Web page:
G. A. G. Adamczyk. A. 3. Canadian Folklore 17. and Geneviève Vachon – exemplified by their contributions to the International Seminar on Urban Form – suggests that the ‘two solitudes’4 are coming together. (Affleck de la Riva architectes et Ville de Montréal Service du développement économique et du développement urbain. (1977) Winnipeg: an illustrated history (Lorimer. Adams. and the United States have migrated to Canada. In 2005. E. A. and Knight. 1912-1926’. German-born Blumenfeld migrated to Canada via the United States in 1955. (1986) The forest city: an illustrated history of London. By reviewing significant contributions to urban form research according to their particular epistemological perspective one is not constrained by traditional disciplinary boundaries and one can better recognize the similarities among works produced by researchers from different backgrounds (as well as the differences in research conducted within a single discipline). and Stelter. it was that one book she wrote in New York City – The death and life 4. (eds) Shaping the urban landscape: aspects of the Canadian citybuilding process (Carleton University Press. Northridge. (1943) ‘Form and function in urban communities’. References Adamczyk. 1961) – that makes the most important contribution to our knowledge of city form. are similar to or different from research in other countries. Blumenfeld. and Sijpkes. G. and how particular intellectual traditions of Italy. G. Journal of the Society of . Artibise. We also use it here to represent the now weakening disciplinary divide in morphology research between the design professionals (architects and planners) and social scientists (urban historians and geographers). however. CA). one can see how specific Canadian contributions. France. Armstrong. and Artibise. Charney. 16-21. Baird. Secteur Est. Two solitudes is the title of a classic Canadian novel by Hugh MacLennan (1945) and a phrase often used to embody the differences between French and English Canada. (1978) ‘Theory/vacant lots in Toronto’. in Stelter. 1942-1992’. Notes 1. (eds) Ville métaphore projet: architecture urbaine à Montréal. Britain. as she has written all but one of her books since moving to Toronto in 1968. 1948-68). 1980 – 1990 (Éditions du Méridien. P. A. G.. Bloomfield. (eds) (1981) Canada’s urban past: a bibliography to 1980 and guide to Canadian urban studies (University of British Columbia Press. and has guided the activities of city planners the world over.60 The study of urban form in Canada of great American cities (Jacobs. by reading this paper alongside Gauthier and Gilliland (2006). A. R. 2. (eds) (1979) The usable urban past: planning and politics in the modern city (Macmillan. the origins of urban geography as a separate field of study in Canada can be traced to a session at the Sixth Meeting of the Canadian Association of Geographers (1956) chaired by Ed Pleva (inaugural chair of geography at the University of Western Ontario. The papers by Crerar and Camu were among the six in this groundbreaking session. H. Vancouver). F. (eds) (2003) Étude de caractérisation de la forme urbaine montréalaise. and the historiography of Canadian urban morphology more generally. Canada (Windsor Publications. G. Ottawa) 256-303. in Latek. A. Artibise. Toronto). Toronto). Artibise. We might also consider the contributions of another urban luminary – Jane Jacobs – here. (1982) ‘Reshaping the urban landscape? Town planning efforts in Kitchener/Waterloo. M. Division des politiques et du Plan d’urbanisme. and Stelter. 1978) for selected essays and a bibliography of Blumenfeld’s work). (1995) ‘Wartime housing and architectural change. Design Quarterly 108. Furthermore. (1992) ‘The city as a school’. and de la Riva. Montréal). He was a practising planner and taught at the University of Toronto (see Spreiregen (1967. Montréal) 9-16. According to the geographer Jim Simmons (1967). G. 13-30. a festschrift for Bourne was held at the Fifty-fourth Meeting of the Canadian Association of Geographers at the University of Western Ontario (where he began his career) involving nearly 40 presentations to honour his academic legacy.. I. Affleck.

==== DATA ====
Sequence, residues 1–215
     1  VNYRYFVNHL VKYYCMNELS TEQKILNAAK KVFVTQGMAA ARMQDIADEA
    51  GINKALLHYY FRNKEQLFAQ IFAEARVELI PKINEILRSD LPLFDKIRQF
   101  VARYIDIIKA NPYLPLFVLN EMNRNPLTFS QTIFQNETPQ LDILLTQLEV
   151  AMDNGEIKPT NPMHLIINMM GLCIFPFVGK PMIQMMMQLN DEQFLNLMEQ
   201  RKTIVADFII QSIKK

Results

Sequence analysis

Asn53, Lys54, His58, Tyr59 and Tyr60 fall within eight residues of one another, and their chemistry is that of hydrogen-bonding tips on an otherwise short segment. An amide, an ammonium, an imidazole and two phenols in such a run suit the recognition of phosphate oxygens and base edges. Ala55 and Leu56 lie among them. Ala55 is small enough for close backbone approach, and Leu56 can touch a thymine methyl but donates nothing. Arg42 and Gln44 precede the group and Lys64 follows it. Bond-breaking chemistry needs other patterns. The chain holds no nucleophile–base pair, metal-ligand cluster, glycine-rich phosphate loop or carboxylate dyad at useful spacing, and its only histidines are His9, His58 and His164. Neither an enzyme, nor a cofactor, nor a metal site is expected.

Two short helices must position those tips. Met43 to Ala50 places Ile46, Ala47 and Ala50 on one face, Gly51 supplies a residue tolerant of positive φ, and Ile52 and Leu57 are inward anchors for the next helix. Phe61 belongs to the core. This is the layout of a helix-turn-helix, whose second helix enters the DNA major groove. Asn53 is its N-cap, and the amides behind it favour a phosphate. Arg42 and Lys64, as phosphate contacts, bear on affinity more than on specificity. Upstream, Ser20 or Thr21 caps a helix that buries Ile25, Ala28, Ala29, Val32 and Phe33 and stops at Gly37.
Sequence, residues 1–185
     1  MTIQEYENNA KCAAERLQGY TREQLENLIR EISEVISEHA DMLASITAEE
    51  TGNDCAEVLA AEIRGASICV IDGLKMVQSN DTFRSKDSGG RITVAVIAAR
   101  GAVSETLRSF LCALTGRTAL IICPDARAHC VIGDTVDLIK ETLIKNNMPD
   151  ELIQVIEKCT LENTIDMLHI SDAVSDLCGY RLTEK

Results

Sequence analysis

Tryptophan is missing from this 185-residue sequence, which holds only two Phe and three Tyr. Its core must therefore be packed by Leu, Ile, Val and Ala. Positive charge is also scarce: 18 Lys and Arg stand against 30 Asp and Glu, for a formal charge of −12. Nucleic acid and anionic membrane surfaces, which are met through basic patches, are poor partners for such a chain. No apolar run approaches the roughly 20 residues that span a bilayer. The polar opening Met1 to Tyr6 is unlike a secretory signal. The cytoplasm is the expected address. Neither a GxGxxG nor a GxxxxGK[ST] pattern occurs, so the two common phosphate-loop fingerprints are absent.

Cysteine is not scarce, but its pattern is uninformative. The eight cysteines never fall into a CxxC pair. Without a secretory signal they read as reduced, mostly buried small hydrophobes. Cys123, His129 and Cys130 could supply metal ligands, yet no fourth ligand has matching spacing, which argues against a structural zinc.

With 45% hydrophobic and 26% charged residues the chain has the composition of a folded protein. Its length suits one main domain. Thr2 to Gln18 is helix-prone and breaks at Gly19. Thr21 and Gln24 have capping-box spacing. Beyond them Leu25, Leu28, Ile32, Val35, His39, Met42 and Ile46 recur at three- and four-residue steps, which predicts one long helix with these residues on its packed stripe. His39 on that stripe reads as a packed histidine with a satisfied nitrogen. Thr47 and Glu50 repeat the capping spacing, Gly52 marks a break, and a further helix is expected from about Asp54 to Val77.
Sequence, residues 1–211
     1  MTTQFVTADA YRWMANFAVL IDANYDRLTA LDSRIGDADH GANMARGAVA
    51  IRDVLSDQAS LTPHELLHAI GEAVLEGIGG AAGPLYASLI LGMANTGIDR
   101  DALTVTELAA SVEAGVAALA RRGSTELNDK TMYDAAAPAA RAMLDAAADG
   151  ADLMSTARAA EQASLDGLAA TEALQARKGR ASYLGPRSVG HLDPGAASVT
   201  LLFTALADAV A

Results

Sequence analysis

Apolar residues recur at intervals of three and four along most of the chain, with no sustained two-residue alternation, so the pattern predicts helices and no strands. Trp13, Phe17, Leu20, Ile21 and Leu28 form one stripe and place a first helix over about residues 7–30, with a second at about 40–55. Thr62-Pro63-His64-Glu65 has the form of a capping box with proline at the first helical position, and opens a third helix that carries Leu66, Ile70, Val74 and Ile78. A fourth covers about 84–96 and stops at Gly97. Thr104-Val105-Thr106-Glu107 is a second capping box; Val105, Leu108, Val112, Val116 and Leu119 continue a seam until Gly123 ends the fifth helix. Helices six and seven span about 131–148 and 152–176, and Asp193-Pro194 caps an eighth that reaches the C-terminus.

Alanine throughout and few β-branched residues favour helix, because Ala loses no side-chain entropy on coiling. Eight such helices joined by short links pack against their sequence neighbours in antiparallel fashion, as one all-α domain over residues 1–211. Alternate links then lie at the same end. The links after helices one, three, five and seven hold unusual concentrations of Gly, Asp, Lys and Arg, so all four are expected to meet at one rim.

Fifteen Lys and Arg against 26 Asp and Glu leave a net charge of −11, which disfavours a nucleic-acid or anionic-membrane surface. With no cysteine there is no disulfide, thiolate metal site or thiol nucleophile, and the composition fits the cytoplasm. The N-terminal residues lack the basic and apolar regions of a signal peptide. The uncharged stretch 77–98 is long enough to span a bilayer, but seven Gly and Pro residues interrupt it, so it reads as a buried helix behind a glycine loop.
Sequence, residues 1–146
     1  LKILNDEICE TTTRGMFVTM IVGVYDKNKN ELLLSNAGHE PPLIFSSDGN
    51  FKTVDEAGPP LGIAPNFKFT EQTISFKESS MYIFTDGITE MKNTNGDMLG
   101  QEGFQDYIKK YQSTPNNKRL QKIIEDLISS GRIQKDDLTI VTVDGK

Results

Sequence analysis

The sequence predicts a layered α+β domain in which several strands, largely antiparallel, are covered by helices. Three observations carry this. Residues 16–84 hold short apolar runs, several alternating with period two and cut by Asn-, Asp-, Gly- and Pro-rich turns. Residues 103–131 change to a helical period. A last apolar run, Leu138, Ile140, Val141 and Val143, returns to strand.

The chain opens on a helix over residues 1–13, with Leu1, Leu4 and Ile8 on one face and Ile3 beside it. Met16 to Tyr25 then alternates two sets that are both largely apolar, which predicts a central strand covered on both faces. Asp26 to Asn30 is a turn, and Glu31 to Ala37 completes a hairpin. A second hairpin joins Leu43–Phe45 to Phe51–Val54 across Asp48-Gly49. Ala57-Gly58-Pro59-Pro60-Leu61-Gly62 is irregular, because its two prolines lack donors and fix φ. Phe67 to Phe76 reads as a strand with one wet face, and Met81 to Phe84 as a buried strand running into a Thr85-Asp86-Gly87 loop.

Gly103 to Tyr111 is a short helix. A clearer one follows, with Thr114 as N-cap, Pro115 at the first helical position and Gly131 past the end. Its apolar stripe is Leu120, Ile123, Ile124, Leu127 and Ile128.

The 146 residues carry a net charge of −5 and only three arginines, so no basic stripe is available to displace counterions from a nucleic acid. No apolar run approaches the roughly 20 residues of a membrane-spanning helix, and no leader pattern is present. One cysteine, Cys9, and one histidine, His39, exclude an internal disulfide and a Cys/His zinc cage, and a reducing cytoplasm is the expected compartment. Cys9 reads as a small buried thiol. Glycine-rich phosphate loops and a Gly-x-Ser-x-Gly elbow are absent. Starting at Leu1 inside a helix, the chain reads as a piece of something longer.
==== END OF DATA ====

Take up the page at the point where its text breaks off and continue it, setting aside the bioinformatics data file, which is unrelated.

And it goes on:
J. (1995) ‘Urban form and climate: case study. L. P. Town Planning Review 24. 19-36. Dennis. C. Québec). J. Taylor.. 11-21. Plan Canada 41. growth. (eds) (2000) Canadian cities in transition: the twenty-first century (Oxford University Press. MacKinnon. and Simmons. Division des politiques et du Plan d’urbanisme. Bourne. (1980) ‘The montrealness of Montreal: formations and formalities in urban architecture’. (1994) ‘Interpreting the apartment house: modernity and metropolitanism in Toronto. Consortium Atelier Braq/Atelier in Situ (2003) Étude de caractérisation de la forme urbaine montréalaise des secteurs Ouest et Sud-Ouest (Consortium Atelier Braq/Atelier in Situ et Ville de Montréal Service du développement économique et du développement urbain. 251-69. (1957) ‘Population density and municipal development – the Vancouver B. 26-30. H. Urban History Review 26. M. (2001) Figures. Camu. Ville de Montréal). (1960) Alnwick. H. P. New York). N. . 1900-1930’. Architectural Review 167. R. Bourque.The study of urban form in Canada Architectural Historians 3. Canadian Geographer 9. L. and Filion. D. 10-18. G. Blumenfeld. 1880-1920’. (1953) ‘Scale in civic design’. The Financial Post 19 August. 226-39. Després.D. Blumenfeld. (1949) ‘Theory of city form. 17-31. Charney. syntaxe urbaine. M. (1967) Private redevelopment of the central city: spatial processes of structural change in the city of Toronto University of Chicago Department of Geography Research Series 112 (University of Chicago. (2001) ‘The urban sprawl debate: myths. Luka. 13148.S. Canadian Geographer 43. Curran. Northumberland: a study in town-plan analysis Institute of British Geographers Publication 27 (George Philip. Bunting. and Filion. (1975) ‘Continuity and change in urban form’. L.S. Journal of the Toronto Board of Trade 53. E. Journal of the Society of Architectural Historians 8. Chicago). K. R. 690-713. Carey. Bourne. Arens. Blumenfeld. M. Bourne. 299302. realities and hidden agendas’. Dunker. Toronto’. Bourne. Journal of the American Planning Association 61. (1989) ‘Are new urban forms emerging? Empirical tests for Canadian urban areas’. Journal of Urban History 1. and Tomalty. (ed. 35-46. Blumenfeld. (1962b) ‘Design with the automobile – the metropolitan region’. 4-7. Bourne. projets.. T.L. L. 7-16. Blumenfeld. L... Blumenfeld. Toronto). uneven urban development. and Larochelle. (1996) ‘Reurbanization. L. Canadian Geographer 33. Canadian Journal of Regional Science 61 26. Blumenfeld. Urban Geography 17. and Maurer. T. 58-61. R.S. and Wright. (1957) ‘Scale in the metropolis’. H. L. (1957) ‘Types de maisons dans la region suburbaine de Montréal’. (1960) ‘Regional planning’. L. Bourne. 122-4. (2003) ‘Living it up’. 6.. Metropolitan Area’. L. R. Bourne. Urban History Review 31.S. Environments by Design 1. past and present’. Service du développement économique et urbain. H. Canadian Art 77.S.R. H. H. R. 312-28. G. Conzen. 268-87. 21-9. Journal of Historical Geography 20. (2003) ‘Contested ground: the dynamics of peri-urban growth in the Toronto region’. (1996) ‘Modernity and tradition in the making of terrace flats in Québec City’. Plan: Town Planning Institute of Canada June. Alternatives Journal 29. (1962a) ‘Transportation in the modern metropolis’. Dennis. and Maffei. (1998) ‘Apartment housing in Canadian cities. P. Architecture urbaine à la ville de Montréal 1990-2001 (Division de la planification urbaine et de la réglementation.S. P. (ed.S. Bourne. Montréal). Toronto). (eds) (1973) The form of cities in central Canada: selected papers (University of Toronto Press. (2001) Architectural composition and building typology. A. (1991) La maison de faubourg. Bunting. Interpreting basic buildings (Alinea Editrice. Florence). 305-22. 1-6. H. (1961) ‘Why pay to ride?’. The Canadian Architect 2. Caniggia G. P.) (1982) Internal structure of the city: readings on urban form. Bodson. H. Canadian Geographer 9. and the debate on new urban forms’.S. 14161. Bunce. (1999) ‘Dispersed city form in Canada: a Kitchener CMA case study’. Crerar. Blumenfeld. Bosselmann. L. New York).) (1971) Internal structure of the city: readings on space and environment (Oxford University Press.C. London). 1900-1940’.G. 46-8. (2002) ‘Le déclin de la maison de fond de cour à Montréal. H. and policy (Oxford University Press. L’architecture domestique des faubourgs SaintJean et Saint-Roch avant 1845 (Institut québécois de recherche sur la culture.